Fitness pros working with our graying population deal with the physical and cognitive losses of aging every day. But what about the social losses?

Aging is not just muscle and bone loss, weaker eyesight, and slower reaction times. It’s also retirement, bereavement and empty-nest syndrome. These fundamental shifts in the lifestyles of the elderly create social deficits—feelings of loneliness, social isolation and even depression—that can discourage adherence to fitness programs.

Technological advances designed to streamline social interactions have done little to ease a growing sense of separation. In the past two decades, the number of Americans reporting that they had no confidant tripled, while 32% of respondents in a survey of 60- to 69-year-olds and 25% of respondents in the 70-plus category said they were lonely (Wilson & Moulton 2010; Holt-Lunstad, Smith & Layton 2010).

These numbers are crucial because social relationships are key determinants for health, morbidity and mortality (Killingback, Tsofliou & Clark 2017; Hamar et al. 2013). Indeed, good social relationships are as important as quitting smoking and are linked to a 50% greater likelihood of survival compared with poor or insufficient social relationships (Holt-Lunstad, Smith & Layton 2010).

Exercise adherence is a challenge for every age group, of course, but the stakes are arguably higher with older adults—fitness pros can potentially add years to the lives of clients, years that might otherwise be lost to inactivity and isolation.

The Role of Socialization in Exercise

Socialization is a powerful factor for people over 60 because having an active friend is a significant predictor of physical activity (Sullivan & Lachman 2016). Physical activity and social support are great for health and well-being, and the statistics suggest that those who lack both are the ones who need them the most.

The best advice for fitness professionals? Combine socialization with exercise! For people living alone, group exercise programs that foster social interactions are especially important; they may be your clients’ main form of socializing (Chiang et al. 2008).

Even better, the exercise group can become part of a social network that extends beyond the time spent exercising, which is “important for facilitating self-esteem, self-respect and personal competence” (Deforche & de Bourdeaudhuij 2000). Or, as one participant in a community-based group exercise program put it: “It is our exercise family!” (Chiang et al. 2008).

In other words, the psychosocial benefits are just as important as the physical ones. People look forward to seeing each other in the group, and that social support is associated with increased adherence rates (Hamar et al. 2013). One study noted that while half of the participants who start an exercise program typically drop out within the first 6 months,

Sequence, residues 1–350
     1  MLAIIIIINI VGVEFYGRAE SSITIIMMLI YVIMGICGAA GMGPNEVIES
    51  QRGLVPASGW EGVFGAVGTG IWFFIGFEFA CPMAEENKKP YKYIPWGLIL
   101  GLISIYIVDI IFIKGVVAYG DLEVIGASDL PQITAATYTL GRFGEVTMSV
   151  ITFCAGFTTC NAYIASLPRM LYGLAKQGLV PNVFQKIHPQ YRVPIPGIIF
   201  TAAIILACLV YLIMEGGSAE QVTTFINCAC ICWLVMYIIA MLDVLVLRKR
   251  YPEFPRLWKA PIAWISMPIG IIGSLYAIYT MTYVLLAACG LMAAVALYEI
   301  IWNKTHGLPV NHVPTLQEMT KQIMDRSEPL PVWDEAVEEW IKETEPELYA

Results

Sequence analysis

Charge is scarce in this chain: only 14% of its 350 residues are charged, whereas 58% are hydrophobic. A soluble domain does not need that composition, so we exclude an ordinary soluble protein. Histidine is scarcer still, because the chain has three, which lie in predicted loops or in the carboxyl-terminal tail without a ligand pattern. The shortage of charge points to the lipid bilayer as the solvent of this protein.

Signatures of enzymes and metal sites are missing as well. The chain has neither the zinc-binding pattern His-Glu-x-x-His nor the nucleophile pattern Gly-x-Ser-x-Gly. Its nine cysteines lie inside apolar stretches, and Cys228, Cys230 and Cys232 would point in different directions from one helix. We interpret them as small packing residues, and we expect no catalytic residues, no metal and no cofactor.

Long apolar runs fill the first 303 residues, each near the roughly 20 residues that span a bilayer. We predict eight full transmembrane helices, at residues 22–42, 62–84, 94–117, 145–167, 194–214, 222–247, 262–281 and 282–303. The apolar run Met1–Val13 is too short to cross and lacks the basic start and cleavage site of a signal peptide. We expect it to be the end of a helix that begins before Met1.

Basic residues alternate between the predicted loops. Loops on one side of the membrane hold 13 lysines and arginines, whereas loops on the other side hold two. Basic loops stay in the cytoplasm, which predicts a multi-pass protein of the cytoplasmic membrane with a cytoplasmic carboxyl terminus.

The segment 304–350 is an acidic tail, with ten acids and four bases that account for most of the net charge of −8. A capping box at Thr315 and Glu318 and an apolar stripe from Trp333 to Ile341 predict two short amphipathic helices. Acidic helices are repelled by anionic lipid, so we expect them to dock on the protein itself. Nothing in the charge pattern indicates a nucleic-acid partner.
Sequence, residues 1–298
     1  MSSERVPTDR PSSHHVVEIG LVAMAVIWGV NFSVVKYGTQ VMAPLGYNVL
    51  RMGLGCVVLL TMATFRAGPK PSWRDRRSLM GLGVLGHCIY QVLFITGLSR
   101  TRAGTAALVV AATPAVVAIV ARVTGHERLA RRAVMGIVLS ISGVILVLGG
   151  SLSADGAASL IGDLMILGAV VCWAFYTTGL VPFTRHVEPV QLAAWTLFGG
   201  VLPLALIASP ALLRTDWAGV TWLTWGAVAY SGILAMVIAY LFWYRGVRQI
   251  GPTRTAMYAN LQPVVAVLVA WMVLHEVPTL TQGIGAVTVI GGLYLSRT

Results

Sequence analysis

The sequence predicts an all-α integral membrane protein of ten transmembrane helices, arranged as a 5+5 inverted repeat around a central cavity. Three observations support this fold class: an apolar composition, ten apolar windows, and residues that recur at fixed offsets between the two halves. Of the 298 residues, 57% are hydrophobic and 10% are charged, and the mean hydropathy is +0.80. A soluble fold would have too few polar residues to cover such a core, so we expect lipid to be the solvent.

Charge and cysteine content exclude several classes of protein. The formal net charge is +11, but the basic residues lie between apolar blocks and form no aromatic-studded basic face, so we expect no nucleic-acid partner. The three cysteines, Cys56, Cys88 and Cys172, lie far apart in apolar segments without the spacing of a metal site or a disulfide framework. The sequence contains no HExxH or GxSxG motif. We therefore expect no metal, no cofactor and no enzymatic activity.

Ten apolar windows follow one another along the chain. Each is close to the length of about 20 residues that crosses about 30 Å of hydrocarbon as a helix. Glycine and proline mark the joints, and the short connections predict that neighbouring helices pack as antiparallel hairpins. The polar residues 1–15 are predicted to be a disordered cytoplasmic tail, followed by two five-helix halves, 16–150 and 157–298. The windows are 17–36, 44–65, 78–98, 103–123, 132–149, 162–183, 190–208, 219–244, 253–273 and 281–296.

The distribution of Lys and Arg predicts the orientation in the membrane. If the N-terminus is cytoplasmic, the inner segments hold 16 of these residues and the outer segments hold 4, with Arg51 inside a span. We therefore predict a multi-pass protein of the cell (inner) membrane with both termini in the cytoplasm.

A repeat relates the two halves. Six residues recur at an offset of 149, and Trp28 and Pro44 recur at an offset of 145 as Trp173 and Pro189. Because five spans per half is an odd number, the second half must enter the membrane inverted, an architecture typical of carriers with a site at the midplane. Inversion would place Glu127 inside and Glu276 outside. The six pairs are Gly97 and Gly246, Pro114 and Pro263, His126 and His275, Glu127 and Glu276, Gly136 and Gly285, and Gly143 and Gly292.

community-based exercise interventions have adherence rates of 69.1%–75% (Killingback, Tsofliou & Clark 2017).

Some of the increase in adherence rates may be explained by the twofold effect of social relationships: Emotional support from family and friends helps people indirectly get better at overcoming stress and crisis, and people in a social network encourage each other to make healthier lifestyle choices (Holt-Lunstad, Smith & Layton 2010).

The strong correlation between social interactions and adherence suggests that including a socialization component in group exercise settings can be a powerful factor in helping older adults start a regular exercise program and stick with it.

Socialization-Based Exercise

Because older adults have different priorities and motivations, it’s important to create programs tailored to motivators (see the sidebar “Program Design Tips”). There are six factors that influence adherence: instructor, individual behavior, program design, social interaction, perceived benefits, and energizing and empowering effects (Killingback, Tsofliou & Clark 2017).

Instructors should be knowledgeable and competent, yet approachable and willing to show concern (e.g., by calling if participants don’t show up). Fun is one of the biggest factors, and participants point to engaging and caring instructors as the principal reason why they keep coming back to class (Chiang et al. 2008).

It is critical for instructors to be sensitive to the unique experiences and challenges of this population and to adapt exercises and show concern for their likes and dislikes (Belza et al. 2004). When you consider participants’ feedback on program design, you are giving a clear sign that you value and respect your clients. Social interactions in the group provide a sense of support, enjoyment and belonging and deliver the psychosocial gains they desire (Killingback, Tsofliou & Clark 2017). Bear in mind that while the social component of group exercise is a major contributor to adherence, physical gains such as weight loss, cardiovascular fitness and strength are just as important. Design programs with all these components in mind, while still factoring in any needed modifications or participant limitations.

Ending Isolation Is Key

Older adults’ feelings of social isolation can dramatically influence their overall health and well-being; group exercise that fosters socialization may boost enjoyment and adherence. Studies on the SilverSneakers® program, a health plan benefit for Medicare beneficiaries that consists of customized group exercise promoting socialization, suggest that these types of classes “may help to slow or reverse natural trajectories toward declining health and functioning among seniors” (Hamar et al. 2013).

This creates a win-win for fitness professionals: expanding your business by serving a growing senior population, all while fostering social interactions and improving participants’ well-being.